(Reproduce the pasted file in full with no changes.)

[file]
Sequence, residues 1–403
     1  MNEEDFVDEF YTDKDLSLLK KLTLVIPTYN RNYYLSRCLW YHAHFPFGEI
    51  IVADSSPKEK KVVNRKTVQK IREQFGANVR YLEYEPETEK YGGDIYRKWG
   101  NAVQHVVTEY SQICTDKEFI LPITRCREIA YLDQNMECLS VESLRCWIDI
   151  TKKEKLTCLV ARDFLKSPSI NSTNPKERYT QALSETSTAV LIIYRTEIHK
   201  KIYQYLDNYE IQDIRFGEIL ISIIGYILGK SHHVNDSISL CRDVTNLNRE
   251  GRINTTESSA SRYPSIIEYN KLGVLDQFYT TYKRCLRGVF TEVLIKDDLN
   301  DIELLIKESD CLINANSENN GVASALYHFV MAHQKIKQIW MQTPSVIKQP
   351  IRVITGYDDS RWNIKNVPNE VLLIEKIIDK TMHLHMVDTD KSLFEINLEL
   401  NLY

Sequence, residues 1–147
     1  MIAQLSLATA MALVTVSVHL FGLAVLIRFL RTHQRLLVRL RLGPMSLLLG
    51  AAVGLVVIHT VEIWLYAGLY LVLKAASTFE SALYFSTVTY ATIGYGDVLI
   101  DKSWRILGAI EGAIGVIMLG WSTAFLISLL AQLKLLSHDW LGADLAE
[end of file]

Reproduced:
Sequence, residues 1–403
     1  MNEEDFVDEF YTDKDLSLLK KLTLVIPTYN RNYYLSRCLW YHAHFPFGEI
    51  IVADSSPKEK KVVNRKTVQK IREQFGANVR YLEYEPETEK YGGDIYRKWG
   101  NAVQHVVTEY SQICTDKEFI LPITRCREIA YLDQNMECLS VESLRCWIDI
   151  TKKEKLTCLV ARDFLKSPSI NSTNPKERYT QALSETSTAV LIIYRTEIHK
   201  KIYQYLDNYE IQDIRFGEIL ISIIGYILGK SHHVNDSISL CRDVTNLNRE
   251  GRINTTESSA SRYPSIIEYN KLGVLDQFYT TYKRCLRGVF TEVLIKDDLN
   301  DIELLIKESD CLINANSENN GVASALYHFV MAHQKIKQIW MQTPSVIKQP
   351  IRVITGYDDS RWNIKNVPNE VLLIEKIIDK TMHLHMVDTD KSLFEINLEL
   401  NLY

Sequence, residues 1–147
     1  MIAQLSLATA MALVTVSVHL FGLAVLIRFL RTHQRLLVRL RLGPMSLLLG
    51  AAVGLVVIHT VEIWLYAGLY LVLKAASTFE SALYFSTVTY ATIGYGDVLI
   101  DKSWRILGAI EGAIGVIMLG WSTAFLISLL AQLKLLSHDW LGADLAE